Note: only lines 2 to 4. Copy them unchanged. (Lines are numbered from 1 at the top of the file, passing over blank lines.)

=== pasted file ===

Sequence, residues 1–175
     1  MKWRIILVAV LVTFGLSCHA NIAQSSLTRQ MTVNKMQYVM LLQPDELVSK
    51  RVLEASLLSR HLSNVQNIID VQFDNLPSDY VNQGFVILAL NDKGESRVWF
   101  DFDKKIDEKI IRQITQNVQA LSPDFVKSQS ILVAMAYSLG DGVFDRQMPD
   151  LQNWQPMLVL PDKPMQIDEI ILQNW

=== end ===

     1  MKWRIILVAV LVTFGLSCHA NIAQSSLTRQ MTVNKMQYVM LLQPDELVSK
    51  RVLEASLLSR HLSNVQNIID VQFDNLPSDY VNQGFVILAL NDKGESRVWF
   101  DFDKKIDEKI IRQITQNVQA LSPDFVKSQS ILVAMAYSLG DGVFDRQMPD